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Stay Motivated At Work

One way to stay motivated is to realize your value

stay motivatedMonica* was unhappy in her role at a large healthcare company. An intelligent woman, with excellent academic credentials and a stellar work history, she felt unchallenged and underutilized in her role. With every passing day, her boredom grew so that she soon found it difficult to get up in the morning, and even more difficult to motivate herself to get to work. Needless to say, she was unhappy in her career.

If it isn’t hard enough to get up every day and go to work, now we have to concern ourselves with being motivated. With all the tasks on our to do list, is there really room for one more item to fit in?

The answer is yes. Motivation is an important concept. With so many people worried about their jobs, the economy, and their safety, motivation plays a key role in how they deal with all that is going around them.

“Motivation cannot be imposed; it comes from within,” says John Baldoni, author of 180 Ways to Walk the Motivation Talk and President of Baldoni Consulting, a consulting company based in Michigan. “In other words, we motivate ourselves.”

Keeping yourself motivated is central,” says Dr. Beverly Potter, a California based psychologist that specializes in career and workplace issues and the author of Overcoming Job Burnout: How to Renew Enthusiasm for Work. “Motivation is not a mysterious force that comes from somewhere else, it is a direct result of how one manages oneself.”

If we start out in the world with an open mind and a positive outlook, then what happens after we grow up? How do we end up being closed and afraid?

“Unfortunately,” says Dr. Potter, “most people have learned motivation from others, and more often than not, they have learned how to procrastinate. Then, a deadline approaches, and they get motivated and pull an all-nighter. Just like they learned in college, cramming for an exam.”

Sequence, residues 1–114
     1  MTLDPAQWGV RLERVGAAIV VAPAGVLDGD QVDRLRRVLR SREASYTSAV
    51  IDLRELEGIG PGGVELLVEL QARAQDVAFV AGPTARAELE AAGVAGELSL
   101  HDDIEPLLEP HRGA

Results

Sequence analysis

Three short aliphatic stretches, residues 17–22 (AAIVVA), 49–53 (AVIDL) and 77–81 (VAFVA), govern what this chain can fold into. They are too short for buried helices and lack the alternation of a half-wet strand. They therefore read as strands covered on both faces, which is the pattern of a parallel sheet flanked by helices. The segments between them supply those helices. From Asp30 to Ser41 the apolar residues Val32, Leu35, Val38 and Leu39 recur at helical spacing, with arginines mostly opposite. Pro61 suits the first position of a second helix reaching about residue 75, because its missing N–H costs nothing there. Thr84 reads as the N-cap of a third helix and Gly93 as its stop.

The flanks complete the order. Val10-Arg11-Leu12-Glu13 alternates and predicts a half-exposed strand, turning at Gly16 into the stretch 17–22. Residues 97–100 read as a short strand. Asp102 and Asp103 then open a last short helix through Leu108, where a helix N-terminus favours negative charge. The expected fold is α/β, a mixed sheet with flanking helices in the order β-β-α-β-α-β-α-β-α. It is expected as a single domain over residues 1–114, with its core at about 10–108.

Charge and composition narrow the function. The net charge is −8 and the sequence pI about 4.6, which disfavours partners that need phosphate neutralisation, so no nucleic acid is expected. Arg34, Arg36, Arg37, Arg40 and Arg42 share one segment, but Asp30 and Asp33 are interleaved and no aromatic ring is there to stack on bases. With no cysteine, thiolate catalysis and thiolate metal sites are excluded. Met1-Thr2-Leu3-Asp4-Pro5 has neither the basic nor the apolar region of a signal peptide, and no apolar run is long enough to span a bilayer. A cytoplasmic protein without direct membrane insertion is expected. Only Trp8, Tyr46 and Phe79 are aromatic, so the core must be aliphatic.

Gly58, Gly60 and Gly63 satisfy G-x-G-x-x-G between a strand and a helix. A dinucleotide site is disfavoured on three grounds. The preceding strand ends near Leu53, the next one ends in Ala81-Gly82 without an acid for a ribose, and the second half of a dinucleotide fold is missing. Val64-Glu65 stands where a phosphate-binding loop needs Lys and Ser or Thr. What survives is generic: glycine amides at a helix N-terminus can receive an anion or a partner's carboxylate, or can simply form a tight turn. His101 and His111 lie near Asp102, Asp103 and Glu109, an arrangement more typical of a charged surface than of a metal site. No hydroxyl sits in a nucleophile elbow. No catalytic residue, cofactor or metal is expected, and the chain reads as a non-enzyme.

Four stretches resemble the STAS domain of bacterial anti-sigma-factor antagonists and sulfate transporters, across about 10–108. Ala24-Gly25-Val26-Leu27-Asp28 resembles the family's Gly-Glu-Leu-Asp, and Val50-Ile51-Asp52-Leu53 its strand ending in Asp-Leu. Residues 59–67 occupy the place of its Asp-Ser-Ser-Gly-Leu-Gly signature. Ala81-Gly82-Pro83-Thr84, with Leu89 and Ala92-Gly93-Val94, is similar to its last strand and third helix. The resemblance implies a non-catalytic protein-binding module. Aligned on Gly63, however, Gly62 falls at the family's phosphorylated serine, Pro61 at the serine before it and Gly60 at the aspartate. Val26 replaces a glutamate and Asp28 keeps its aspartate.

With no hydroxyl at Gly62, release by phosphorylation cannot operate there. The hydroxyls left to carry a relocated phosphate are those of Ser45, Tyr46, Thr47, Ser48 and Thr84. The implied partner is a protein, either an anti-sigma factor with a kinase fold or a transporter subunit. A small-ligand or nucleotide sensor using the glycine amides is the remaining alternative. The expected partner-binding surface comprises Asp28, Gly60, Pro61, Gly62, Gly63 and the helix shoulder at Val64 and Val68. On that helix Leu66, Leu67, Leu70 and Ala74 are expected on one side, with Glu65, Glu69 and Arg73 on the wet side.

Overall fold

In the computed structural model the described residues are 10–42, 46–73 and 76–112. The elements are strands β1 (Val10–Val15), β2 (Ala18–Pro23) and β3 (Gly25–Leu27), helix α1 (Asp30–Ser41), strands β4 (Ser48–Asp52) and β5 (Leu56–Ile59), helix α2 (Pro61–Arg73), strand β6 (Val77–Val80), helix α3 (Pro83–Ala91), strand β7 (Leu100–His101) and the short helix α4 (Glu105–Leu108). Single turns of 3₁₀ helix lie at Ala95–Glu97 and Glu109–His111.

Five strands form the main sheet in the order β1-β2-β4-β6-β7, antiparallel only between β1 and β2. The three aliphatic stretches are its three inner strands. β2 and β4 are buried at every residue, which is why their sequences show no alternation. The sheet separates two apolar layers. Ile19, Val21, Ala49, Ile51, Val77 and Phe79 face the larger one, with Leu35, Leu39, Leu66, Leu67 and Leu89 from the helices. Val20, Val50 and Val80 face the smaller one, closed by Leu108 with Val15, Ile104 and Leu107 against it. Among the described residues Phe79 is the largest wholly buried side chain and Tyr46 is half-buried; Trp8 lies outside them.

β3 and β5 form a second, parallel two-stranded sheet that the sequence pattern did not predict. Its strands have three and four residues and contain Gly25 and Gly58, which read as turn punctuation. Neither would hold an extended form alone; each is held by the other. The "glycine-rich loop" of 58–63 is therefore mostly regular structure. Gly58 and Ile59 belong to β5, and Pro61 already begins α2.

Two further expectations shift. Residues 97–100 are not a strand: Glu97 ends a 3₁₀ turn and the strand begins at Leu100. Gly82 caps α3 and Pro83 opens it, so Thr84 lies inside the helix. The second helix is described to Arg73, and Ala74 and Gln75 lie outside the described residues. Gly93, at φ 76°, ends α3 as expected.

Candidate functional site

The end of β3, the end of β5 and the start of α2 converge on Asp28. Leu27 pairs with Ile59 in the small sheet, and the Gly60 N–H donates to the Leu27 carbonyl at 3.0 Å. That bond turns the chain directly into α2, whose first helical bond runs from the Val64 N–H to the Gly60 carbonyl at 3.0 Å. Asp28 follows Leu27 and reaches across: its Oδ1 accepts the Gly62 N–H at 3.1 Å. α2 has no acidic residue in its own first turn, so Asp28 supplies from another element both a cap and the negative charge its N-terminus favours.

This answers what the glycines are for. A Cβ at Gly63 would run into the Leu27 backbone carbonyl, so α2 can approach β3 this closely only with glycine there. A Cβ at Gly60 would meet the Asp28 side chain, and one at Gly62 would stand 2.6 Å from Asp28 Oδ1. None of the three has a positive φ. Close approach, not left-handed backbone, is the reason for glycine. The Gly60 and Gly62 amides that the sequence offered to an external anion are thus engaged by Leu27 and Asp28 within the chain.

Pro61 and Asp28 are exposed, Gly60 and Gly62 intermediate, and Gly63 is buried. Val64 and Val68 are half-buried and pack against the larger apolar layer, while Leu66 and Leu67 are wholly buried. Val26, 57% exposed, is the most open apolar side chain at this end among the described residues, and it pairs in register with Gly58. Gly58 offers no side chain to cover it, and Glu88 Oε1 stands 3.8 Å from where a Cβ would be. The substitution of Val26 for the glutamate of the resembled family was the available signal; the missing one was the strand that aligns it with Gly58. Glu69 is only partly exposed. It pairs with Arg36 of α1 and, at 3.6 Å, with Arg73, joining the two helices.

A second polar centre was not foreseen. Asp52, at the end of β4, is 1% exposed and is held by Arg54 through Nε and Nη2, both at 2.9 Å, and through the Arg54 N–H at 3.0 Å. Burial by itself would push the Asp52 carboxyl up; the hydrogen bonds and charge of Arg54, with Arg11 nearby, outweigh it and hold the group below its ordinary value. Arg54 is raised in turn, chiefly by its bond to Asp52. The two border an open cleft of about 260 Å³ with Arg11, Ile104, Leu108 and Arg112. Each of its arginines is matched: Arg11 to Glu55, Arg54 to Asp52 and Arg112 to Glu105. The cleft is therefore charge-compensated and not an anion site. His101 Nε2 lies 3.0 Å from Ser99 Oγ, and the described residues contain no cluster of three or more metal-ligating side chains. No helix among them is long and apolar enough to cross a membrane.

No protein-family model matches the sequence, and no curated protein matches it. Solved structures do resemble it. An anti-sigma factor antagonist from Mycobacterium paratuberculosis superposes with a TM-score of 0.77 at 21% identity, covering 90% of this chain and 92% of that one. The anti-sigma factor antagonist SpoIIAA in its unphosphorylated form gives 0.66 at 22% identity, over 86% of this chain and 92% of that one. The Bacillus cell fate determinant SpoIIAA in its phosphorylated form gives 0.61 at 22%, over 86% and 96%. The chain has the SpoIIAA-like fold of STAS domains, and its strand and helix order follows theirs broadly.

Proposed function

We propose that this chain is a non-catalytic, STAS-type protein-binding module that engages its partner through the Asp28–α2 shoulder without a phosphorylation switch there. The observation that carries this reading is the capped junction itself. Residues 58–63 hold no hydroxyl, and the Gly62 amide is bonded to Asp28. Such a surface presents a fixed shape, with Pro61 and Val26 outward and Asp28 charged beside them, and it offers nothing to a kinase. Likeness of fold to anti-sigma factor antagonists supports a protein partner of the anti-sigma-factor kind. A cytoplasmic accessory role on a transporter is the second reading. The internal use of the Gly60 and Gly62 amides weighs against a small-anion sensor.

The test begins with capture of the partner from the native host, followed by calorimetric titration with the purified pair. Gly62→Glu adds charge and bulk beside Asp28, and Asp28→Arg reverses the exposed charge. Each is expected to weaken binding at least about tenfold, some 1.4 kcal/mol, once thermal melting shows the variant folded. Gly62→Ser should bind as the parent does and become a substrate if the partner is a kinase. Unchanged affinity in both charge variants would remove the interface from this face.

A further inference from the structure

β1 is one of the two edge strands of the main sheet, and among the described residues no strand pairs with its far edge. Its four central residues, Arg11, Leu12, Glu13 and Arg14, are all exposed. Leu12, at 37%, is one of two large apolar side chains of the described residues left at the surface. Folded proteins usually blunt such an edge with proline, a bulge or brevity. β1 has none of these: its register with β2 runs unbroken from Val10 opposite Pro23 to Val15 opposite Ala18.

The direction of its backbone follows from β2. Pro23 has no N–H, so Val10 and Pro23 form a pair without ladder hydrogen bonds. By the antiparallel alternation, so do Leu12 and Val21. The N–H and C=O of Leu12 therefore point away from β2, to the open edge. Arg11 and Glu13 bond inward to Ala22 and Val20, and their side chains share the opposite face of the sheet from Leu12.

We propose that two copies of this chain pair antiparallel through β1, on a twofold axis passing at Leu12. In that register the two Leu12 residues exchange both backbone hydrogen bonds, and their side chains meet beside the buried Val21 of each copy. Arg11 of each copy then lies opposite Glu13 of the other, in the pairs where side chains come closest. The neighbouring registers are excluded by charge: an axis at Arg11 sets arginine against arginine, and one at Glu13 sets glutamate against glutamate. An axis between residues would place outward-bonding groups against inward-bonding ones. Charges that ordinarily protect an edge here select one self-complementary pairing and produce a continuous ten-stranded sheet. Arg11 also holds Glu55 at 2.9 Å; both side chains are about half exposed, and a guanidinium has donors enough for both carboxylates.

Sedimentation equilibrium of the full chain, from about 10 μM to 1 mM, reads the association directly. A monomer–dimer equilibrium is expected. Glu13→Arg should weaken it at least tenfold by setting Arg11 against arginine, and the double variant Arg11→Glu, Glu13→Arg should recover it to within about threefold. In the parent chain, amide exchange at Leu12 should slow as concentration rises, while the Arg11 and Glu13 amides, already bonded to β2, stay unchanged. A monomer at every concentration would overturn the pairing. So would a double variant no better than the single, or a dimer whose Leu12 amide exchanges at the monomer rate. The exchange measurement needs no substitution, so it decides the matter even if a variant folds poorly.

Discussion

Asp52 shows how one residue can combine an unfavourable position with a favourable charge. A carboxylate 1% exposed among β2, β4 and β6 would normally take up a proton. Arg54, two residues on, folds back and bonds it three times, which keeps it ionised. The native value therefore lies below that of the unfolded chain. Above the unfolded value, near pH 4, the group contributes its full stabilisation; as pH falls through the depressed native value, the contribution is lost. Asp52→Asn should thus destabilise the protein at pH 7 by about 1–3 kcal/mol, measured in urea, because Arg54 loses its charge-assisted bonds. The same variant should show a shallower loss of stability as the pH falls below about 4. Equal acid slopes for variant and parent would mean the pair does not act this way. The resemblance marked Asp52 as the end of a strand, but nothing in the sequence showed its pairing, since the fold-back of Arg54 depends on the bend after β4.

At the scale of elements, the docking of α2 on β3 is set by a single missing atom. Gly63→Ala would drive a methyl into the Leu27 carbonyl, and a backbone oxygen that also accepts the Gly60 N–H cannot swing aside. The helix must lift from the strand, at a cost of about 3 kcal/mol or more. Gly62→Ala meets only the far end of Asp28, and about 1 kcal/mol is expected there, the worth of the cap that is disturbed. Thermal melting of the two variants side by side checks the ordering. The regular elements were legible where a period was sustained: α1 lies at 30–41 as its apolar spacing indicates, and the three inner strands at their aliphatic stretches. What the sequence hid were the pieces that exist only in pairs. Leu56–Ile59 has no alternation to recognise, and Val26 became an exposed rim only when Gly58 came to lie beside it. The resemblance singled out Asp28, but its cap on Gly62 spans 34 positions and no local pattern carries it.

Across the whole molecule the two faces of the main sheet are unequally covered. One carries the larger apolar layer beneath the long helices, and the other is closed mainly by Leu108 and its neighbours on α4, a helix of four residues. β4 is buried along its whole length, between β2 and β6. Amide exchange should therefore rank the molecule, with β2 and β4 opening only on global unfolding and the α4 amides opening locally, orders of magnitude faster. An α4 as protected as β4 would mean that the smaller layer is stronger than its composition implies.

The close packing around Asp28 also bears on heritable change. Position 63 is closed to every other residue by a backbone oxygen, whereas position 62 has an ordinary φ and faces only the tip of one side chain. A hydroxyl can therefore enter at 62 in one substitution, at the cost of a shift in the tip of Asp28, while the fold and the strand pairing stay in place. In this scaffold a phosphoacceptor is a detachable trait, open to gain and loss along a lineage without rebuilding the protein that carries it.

How can you motivate yourself? According to Mr Baldoni, “Look for new opportunities, new responsibilities, and new challenges. Read about people you admire. Learn from achievers in the workplace and in sports, the arts, business, you name it. Think positive.”

“Opportunities always exist,” says Marjorie Brody, President of Brody Communications, a communications company based in Pennsylvania, and the author of Life Without Limits: A Guidebook to Turning Your Dreams Into Reality. “It’s a matter of being open to see what’s there and constantly searching to see what’s possible.”

“The first step,” says Ms. Brody “is to realize that it’s your life, your career, and only you can do something about it. Once you’ve done that, get out and talk to as many people as possible, internally within your organization, within the industry, and within the world. Then, be persistent and patient.”

“Make sure you understand the value of what you’re contributing,” says Ms. Brody. “This often might mean learning more about the business and end product or service, and where you fit in. Get on some taskforces and teams so you’re meeting new people and learning new things.”

“Explore your situation and identify the benefits, although it may be difficult when you no longer feel motivated by your job/environment,” says Susan Eckert, a New York based career coach with over 15 years human resources and leadership development experience. “There are bound to be a few positives (e.g. you are learning new skills, you are honing your skills at managing up, you are becoming an expert at managing the difficult employee, etc.)”

“If you have done this and believe it is time to do something different,” says Ms. Eckert, “then channel all the energy you’re spending regretting your role, that you ever took this job in the first place, your boredom and/or your frustration, and instead, redirect it toward clearly identifying and pursuing your ideal job/career.”

“There are always options, says Siegmundo Hirsch, Ph.D., a New York based Personal & Professional Coach. “Don’t forget other fields of endeavor.”

“If all else fails,” says Ms. Brody, “make sure that you have plenty of outside interests and activities that keep you motivated until you find a work situation that does.”

* Not her real name.

About Deborah Brown-Volkman

Deborah Brown-Volkman is the President of Surpass Your Dreams, Inc. a career and mentor coaching company that has been delivering a message of motivation, success, and personal fulfillment since 1998. We work with Senior Executives, Vice Presidents, and Managers, who are out of work or overworked, and Coaches who want to build profitable coaching practices. Deborah is also the author of Coach Yourself To A New Career: A Book To Discover Your Ultimate Profession, that can be found on amazon.com.


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